A symbol of the duality between reason and imagination Canada, Montreal

Le Circuit de Bachelard

This peculiar combination of illuminated electro-technical elements honors the intellectual journey of philosopher Gaston Bachelard (1884-1962), who interlaced forward-thinking ideas underlying the complex interaction of reason and imagination, an important contribution to inspire us a society deeply marked by scientific and artistic creativity. Permanently installed in the main tunnel at École de technologie supérieure engineering school, this interactive artwork reminds future engineers of the importance of the rationale-intuitive bilaterality in any technological innovation.

Le Circuit de Bachelard is a collective and interactive artwork designed for the 40th anniversary of École de technologie supérieure, Université du Québec. It is installed in a 24-meter-long tunnel linking the two main buildings of this engineering school. It was designed by a multidisciplinary team including professors in media arts and engineering, and students. From the very beginning, the idea was to represent the duality between reason and imagination, an important factor in the creative process in engineering. This duality is symbolized in various ways in the artwork. For example, it was meant to show that technical building hardware could be arranged in an esthetical manner. As such, the design team restricted themselves to the same components – pipes, anchors, electrical boxes – typically used by the university construction department, complementing these components with LEDs and smart control for a vibrant lighting of this otherwise drab concrete space. RGB LED stripes are integrated to translucent acrylic tubes. These 2827 LEDs are individually controlled using DMX from a PC running Madrix software. The animation of lighting creates routes of running light blobs through the tunnel. Since the lighted tubes share the space with actual electrical and HVAC pipes, the lighting dynamics gives the impression of flow of useful elements (electricity, network data, air) in the building. A microphone is hidden in an electrical box at the center of the tunnel to allow interactive control. When users blow in an opening in this electrical box, the flow of light is accelerated, a symbol of the contribution of engineers in such technical systems. The artwork was designed as an innovation platform, for students to add elements to the installation in the future, allowing increased interactivity. This platform was successfully tested in 2015 by a team who created a luminous tug of war game in the tunnel, with players using their mobile phones as a controlling device.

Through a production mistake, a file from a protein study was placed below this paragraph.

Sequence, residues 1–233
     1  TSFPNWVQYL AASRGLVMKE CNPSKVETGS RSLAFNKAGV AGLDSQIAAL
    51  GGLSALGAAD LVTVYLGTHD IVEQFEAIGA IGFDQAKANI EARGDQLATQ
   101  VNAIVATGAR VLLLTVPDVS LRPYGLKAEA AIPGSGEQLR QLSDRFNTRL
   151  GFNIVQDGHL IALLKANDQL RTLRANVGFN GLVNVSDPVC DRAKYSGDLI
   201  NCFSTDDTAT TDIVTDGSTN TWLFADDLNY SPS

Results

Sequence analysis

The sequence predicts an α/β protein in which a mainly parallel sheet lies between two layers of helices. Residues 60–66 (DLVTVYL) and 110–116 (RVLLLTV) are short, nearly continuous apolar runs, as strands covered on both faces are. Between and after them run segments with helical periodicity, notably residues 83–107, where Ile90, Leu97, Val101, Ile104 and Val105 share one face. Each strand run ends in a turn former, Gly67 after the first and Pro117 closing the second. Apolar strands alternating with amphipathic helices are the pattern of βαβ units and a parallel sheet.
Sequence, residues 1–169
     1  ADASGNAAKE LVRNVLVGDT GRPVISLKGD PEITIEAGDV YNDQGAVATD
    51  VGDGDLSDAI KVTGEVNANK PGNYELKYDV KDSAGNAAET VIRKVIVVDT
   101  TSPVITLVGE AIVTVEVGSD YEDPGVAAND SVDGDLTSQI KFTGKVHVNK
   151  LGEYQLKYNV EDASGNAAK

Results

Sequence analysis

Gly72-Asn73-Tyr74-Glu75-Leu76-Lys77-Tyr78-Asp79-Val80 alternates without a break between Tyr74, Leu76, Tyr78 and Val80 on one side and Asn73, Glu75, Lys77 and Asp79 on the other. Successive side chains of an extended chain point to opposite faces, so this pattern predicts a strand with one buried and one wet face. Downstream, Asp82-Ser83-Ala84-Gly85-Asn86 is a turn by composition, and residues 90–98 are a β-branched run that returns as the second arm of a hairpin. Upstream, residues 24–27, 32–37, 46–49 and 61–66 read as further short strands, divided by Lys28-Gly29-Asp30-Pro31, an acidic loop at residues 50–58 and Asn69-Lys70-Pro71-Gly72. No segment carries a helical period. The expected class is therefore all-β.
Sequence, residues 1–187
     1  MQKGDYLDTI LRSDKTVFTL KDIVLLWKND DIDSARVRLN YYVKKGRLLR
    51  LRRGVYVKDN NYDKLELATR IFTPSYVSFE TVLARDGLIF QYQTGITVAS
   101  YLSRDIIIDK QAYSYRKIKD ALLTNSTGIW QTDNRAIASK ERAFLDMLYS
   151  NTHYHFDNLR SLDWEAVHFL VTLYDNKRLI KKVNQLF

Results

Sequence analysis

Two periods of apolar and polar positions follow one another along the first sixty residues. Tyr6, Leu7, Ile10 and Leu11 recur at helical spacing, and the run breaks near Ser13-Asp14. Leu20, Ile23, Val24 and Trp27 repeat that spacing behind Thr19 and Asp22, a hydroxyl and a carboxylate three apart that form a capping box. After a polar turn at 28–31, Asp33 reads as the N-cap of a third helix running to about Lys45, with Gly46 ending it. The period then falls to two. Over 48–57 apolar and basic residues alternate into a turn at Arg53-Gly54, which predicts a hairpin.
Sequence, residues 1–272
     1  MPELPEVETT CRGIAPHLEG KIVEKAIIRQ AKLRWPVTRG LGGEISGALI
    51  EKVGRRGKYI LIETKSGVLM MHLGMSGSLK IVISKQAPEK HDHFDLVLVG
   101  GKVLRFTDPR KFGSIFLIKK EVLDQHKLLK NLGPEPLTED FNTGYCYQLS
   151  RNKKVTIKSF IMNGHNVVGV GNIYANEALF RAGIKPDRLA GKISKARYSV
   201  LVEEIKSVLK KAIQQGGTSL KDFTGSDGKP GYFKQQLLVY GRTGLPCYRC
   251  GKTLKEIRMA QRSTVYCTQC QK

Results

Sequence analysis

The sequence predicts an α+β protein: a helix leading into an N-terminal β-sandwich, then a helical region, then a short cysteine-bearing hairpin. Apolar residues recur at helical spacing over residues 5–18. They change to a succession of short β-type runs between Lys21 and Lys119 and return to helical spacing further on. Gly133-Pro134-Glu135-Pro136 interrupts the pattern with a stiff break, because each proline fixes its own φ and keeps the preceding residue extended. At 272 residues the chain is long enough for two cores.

http://ghyslaingagnon.wix.com/bachelard

http://www.jeandubois.info/blog/project/le-circuit-de-bachelard/

Details

Building or project owner : Ecole de technologie supérieure

Project artist/ concept/ design/ planning : Jean Dubois / Ghyslain Gagnon

Light design : Jean Dubois / Ghyslain Gagnon / Sébastien Rompré / Jean-Philippe Côté / Katherine Ste-Marie / Sébastien Langevin

Lighting control software : Madrix

Project co-ordination : Ghyslain Gagnon

Descriptions

Kind of light creation : 146m of translucent acrylic tubes are lighted by individually controlled RGB LEDs inside the tubes. The semi-opacity of the tube gives the impression a continuous flow of light, with undistinguishable pixels.

Resolution and transmitting behaviour : The lighting system in laid out as two (both tunnel sides) 3 x 400 pixel matrices. These matrices are controlled by a PC running Madrix software, through 8481 DMX512 channels.

Pixel distance : 5 cm

Luminace : The system provides the only lighting source in the tunnel, 24/7, although an emergency auxiliary lighting system can be turned on in case of failure of the artwork.

Urban situation : The artwork is installed in the main tunnel between two buildings of École de technologie supérieure, one of the largest engineering school in Canada, situated in downtown Montreal.

Description of showreel : The system cycles between different patterns: running flows of light through the tubes, alternating solid colors, all with interactive control through sound.

Participatory architecture & urban interaction

Credits